June 19, 2003
The US-led Civilian Protection Monitoring Team has today its released its shamefully belated findings in connection with the reported atrocities in the Liang, Dengaji, Kawaji and Yawaji areas (Eastern Upper Nile) in late April 2002. The scale and nature of the atrocities was first publicly reported by Mel Middleton of Freedom Quest International (Calgary, Alberta) and Dennis Bennett of Servant’s Heart (Seattle, Washington) on the basis of first-hand interviews with survivors in the region. Both men have extensive experience in southern Sudan. Their meticulous interviews, with very able Mabaan translators, followed exceedingly arduous efforts to reach the sites from which ominous accounts had emerged in 2002. These interviews occurred in January 2003.
In a press release of February 6, 2003, Servant’s Heart and Freedom Quest International refer to their discovery of “fields littered with human remains, many of them from young children.” The investigating team of Middleton and Bennett took extensive photographs, made videotapes of evidence, and recorded numerous interviews (all made available to both the State Department and CPMT). They also refer explicitly to a specific time-frame: “late April 2002.” It is a measure of the sheer incompetence of those who conducted the CPMT investigation, and prepared its report, that this key issue of chronology is consistently confused. Sometimes the CPMT report refers to a “late April time-frame.” But at other places it refers to the attacks being investigated as having occurred in “early April.”
This is of critical importance. Indeed, the significance of this confusion in dates can hardly be overstated. For many of those interviewed by CPMT refer to events of “early April” when asked about the allegations at issue from “late April.” For example, a CPMT interview in Khartoum with Gidion Jimgo, “a former SPLM/A commander, who defected to GOS [the Government of Sudan] in June 2002,” has Mr. Jimgo being “involved in a military operation in early April 2002.”
But the reported massacre of civilians, again, is specifically dated by Freedom Quest International and Servant’s Heart to “late April.” What, CPMT should have asked, is the relevance of an interview referring to events in “early April,” weeks before the incidents in question? And why, we might ask here and of other “interviews,” is there no acknowledgement of the highly compromised nature of interviews conducted in Khartoum, where Mr. Jimgo would know the untoward consequences of making any comments unflattering of the regime? This failure to ask whether interviewees were in a position to say anything but what Khartoum would have them say is a signal shortcoming of the report, as is its clear bias toward securing interviews with people allied with Khartoum.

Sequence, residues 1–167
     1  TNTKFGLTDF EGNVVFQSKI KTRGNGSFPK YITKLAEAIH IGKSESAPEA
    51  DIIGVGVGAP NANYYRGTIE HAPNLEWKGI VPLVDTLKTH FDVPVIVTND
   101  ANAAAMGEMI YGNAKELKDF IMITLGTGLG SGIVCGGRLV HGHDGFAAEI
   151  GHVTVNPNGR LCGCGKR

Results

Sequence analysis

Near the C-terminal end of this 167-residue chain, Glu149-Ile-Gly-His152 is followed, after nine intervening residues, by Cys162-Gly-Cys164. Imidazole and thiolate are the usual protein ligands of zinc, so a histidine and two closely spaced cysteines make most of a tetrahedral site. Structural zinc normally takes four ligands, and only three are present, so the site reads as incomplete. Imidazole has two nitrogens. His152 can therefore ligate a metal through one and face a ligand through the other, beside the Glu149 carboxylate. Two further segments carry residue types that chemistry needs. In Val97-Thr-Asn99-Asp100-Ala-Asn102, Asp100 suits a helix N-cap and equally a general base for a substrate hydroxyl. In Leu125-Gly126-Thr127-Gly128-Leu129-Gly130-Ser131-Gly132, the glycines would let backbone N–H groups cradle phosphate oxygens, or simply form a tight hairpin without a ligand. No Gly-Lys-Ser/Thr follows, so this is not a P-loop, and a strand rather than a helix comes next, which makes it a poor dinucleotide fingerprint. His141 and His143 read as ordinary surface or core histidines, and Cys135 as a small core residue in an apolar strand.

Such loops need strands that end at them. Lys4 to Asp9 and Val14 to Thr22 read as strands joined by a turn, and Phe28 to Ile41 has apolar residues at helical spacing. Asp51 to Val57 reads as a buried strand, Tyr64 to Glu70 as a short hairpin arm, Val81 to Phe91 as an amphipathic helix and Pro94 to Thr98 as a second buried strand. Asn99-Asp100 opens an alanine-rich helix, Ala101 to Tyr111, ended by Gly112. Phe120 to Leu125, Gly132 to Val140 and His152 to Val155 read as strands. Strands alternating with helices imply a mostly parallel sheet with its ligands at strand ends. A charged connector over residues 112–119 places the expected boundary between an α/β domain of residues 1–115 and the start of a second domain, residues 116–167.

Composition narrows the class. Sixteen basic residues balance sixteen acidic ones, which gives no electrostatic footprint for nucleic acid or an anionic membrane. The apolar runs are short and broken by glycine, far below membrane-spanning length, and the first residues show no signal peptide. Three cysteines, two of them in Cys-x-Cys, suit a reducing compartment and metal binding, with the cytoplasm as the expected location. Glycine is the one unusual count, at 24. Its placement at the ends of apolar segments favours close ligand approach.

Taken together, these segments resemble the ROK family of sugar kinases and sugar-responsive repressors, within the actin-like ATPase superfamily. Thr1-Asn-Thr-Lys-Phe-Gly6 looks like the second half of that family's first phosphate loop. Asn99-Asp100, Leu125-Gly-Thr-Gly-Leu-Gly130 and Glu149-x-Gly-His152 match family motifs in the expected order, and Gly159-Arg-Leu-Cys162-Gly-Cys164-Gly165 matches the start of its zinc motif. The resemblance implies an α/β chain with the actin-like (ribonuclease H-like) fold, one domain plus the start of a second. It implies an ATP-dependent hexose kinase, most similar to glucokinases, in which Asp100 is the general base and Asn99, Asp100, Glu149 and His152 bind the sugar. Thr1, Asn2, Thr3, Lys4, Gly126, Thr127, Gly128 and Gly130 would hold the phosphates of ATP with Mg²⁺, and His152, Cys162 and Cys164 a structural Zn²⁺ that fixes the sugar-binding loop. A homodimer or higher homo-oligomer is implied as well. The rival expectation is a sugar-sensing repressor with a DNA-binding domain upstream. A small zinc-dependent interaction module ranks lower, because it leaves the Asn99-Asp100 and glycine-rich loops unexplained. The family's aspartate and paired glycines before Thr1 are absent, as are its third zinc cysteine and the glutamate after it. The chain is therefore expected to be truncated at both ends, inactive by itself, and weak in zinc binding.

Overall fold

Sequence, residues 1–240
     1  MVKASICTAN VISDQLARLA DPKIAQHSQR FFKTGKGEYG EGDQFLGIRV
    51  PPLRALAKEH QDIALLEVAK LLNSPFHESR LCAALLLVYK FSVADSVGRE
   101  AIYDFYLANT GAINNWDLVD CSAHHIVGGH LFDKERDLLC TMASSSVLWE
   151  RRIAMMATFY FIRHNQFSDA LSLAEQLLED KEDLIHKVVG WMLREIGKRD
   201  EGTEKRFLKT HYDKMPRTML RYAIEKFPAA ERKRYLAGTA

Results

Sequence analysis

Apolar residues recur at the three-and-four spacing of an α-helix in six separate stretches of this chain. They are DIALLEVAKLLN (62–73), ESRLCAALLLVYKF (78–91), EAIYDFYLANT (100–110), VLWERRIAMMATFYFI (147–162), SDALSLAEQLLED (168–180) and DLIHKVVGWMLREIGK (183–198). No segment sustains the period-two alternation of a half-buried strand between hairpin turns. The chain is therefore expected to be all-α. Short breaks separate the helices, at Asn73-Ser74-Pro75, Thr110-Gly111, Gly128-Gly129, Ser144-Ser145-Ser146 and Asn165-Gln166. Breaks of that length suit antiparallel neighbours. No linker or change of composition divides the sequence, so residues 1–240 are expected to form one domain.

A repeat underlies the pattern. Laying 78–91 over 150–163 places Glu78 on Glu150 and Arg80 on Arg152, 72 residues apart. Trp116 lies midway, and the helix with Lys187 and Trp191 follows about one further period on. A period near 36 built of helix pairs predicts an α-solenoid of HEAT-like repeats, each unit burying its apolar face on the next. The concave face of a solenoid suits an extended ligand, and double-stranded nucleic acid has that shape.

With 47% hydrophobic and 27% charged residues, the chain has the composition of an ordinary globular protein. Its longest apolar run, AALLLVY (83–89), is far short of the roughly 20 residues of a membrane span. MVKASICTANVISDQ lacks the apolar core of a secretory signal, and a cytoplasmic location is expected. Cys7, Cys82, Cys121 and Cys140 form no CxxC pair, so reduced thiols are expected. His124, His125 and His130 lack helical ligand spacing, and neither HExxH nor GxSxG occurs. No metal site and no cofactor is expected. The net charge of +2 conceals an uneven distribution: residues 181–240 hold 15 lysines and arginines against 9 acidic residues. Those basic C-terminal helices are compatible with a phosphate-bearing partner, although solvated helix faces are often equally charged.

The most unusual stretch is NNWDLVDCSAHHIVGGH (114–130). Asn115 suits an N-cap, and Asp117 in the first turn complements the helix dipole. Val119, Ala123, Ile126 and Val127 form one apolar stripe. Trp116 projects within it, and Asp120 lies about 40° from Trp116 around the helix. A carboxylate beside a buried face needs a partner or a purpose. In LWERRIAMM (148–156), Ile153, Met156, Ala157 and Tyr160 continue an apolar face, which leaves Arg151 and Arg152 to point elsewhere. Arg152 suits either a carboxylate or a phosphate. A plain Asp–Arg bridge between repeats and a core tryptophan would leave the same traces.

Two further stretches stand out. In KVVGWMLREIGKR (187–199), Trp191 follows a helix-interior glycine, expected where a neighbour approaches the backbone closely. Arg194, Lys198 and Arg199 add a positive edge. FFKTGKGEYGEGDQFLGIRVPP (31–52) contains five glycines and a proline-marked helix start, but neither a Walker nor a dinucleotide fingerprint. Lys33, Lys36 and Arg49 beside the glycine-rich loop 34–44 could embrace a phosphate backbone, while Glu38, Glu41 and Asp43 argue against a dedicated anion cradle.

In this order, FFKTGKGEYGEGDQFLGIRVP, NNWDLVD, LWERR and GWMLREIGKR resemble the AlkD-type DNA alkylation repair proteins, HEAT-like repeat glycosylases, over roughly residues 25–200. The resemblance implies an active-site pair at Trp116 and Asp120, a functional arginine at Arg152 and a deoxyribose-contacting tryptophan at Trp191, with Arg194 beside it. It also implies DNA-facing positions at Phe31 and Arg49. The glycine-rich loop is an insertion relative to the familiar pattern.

Indeed, the failure to interview more civilian survivors from Liang, Dengaji, Kawaji and Yawaji is striking and all too revealing. Seven of the people named as interviewees are either in Khartoum, in Khartoum’s army, or part of militia groups supported by Khartoum. Only two of the other people interviewed (“peasant farmers”) were clearly from the area attacked, and they were interviewed in the village of Jammam, which is under the control of Khartoum’s military—a fact that would surely not be lost on the interviewees. Yet another “young SPLA soldier” (“John”) was not in the area being investigated at the time of the attacks. He was interviewed, it seems, because “he speaks good English.” “Ismail” (no last name given) may also have been from Liang, although the CPMT interview account is ambiguous (and as is the case throughout the report, poorly written).
There is no guiding methodology to the interviewing procedures; it seems rather to have been the case that arriving so belatedly in the area of Liang, Dengaji, Kawaji and Yawaji (or at least vaguely near the area), the CPMT simply interviewed whoever might be available. Some of the translations also give clear evidence of tendentiousness, and there is no discussion whatsoever of the linguistic and anthropological difficulties in speaking with the Mabaan people.
But again, it is the confusion between an “early April” and “late April” time-frame that is essential to keep in mind. Gidion Jimgo is not alone in referring, as the CPMT puts it in their own report, to “early April 2002,” when the original allegation that began this investigation could not have been more explicit in referring to “late April 2002.”
Thus when the CPMT interviewed Daud Gasha in Khartoum (a medical assistant who is another defector from the SPLA), Mr. Gasha refers to “wounded from the attack reach[ing] the SPLM/A hospital in Belathuma on 10 April 2002.” But what has this to do with incidents reported as having occurred in “late April 2002”? This is simply inexcusable sloppiness—or, as would seem much more likely from the tenor of the report as a whole, clear investigative and reporting tendentiousness.
Other examples of this inexcusable confusion or obfuscation of the relevant time-frame:
 CPMT interviewed Musa Deli in Jamman (again, a Khartoum-controlled village). CPMT reports Mr. Deli as confirming that, “the Ruffa Arab Militia launched an attack in ***early April 2002*** (my emphasis).
 CPMT interviewed Omar Ahmed Ali, the “Commanding Officer of the GOS in Bancholi since 1999.” He is reported as speaking of “fighting that took place between ***12 – 14 April 2002***” (my emphasis).